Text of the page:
The turnaround was good, and it's had its ups and downs. The biggest thing with live auctions is you have to have good product, and you have to have a facility that handles the crowd. In the year '95, I built that building across the way that we now use, we lease it out to the truckers. Then in '98, there was the disastrous fire in the fall of '98 that burned Saskatoon Auction Mart down. At that point in time, John and his brother Bob split up, and me and John took over this place. We redesigned the way it is now, and rebuilt it.

It's been like this since the year of 2000, so it's been 21 years that we've been operating out of this facility. It was designed for what we had in mind was a liquidation center, plus a good automotive industrial auction as well.

Over the years, we've had some very lucrative contracts, we've had federal government, provincial government, big stores like Federated Co-op, Costco, trucking companies, all kinds of trucking companies, freight damage stuff, and so on, it's been good. It's an interesting business, because you never know what's coming through the door, it keeps you motivated.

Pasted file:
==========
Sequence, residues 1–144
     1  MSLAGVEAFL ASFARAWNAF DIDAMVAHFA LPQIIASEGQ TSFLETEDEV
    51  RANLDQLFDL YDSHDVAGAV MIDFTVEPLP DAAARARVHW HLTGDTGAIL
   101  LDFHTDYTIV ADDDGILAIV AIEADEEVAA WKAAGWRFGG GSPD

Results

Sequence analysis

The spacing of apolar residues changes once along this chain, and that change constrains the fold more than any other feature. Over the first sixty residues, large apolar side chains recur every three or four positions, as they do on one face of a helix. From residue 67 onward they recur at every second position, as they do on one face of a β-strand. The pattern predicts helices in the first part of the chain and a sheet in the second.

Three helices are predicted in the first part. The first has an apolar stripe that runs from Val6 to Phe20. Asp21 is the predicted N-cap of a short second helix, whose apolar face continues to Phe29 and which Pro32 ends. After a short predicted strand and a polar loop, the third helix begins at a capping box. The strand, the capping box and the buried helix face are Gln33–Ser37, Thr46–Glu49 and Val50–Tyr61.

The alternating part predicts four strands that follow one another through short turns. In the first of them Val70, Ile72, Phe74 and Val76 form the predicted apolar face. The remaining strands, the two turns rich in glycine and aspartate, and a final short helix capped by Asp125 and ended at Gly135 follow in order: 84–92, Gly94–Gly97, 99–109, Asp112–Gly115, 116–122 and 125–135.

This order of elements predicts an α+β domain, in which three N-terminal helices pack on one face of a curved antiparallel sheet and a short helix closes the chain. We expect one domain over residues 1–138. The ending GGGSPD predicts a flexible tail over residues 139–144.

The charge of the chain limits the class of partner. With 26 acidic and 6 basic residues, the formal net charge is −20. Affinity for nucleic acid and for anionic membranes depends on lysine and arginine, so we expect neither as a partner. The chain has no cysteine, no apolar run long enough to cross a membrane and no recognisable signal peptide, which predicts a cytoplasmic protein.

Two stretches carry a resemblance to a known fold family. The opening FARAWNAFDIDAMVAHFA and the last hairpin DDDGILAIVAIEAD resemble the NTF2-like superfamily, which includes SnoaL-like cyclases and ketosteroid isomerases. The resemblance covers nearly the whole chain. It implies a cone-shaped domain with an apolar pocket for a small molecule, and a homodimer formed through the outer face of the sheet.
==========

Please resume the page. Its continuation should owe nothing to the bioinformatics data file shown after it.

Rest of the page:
Al Grego:

Quite the mix of product you have down there.

Bob Roy:

That's what I kind of liked about the business, because James always accuses me of being ADHD, here's a lot of products, I never, it keeps me interested.

Al Grego:

James is your son?

Bob Roy:

James is my son, yeah. He operates the business from Kelowna, BC. Because he's got one of these things.

Al Grego:

Gotcha.

Bob Roy:

It's called a smartphone. And he does everything. Everything he wants on his smartphone.

Bob Roy:

The premise of our business was attracting large crowds for our auction, for our consignment auction. Because that's what fueled the consignments. If you got a good crowd, lots of people, people are more likely consign product with you because they know you can move it and get a good price for it. So that was the strength of the auction. Now our liquidation end of it was basically the premise of that whole business was high volume, low margin. And we used to get like crowd. We've had situations where we had people lined up to the road, 71st street.

Al Grego:

Wow.

Bob Roy: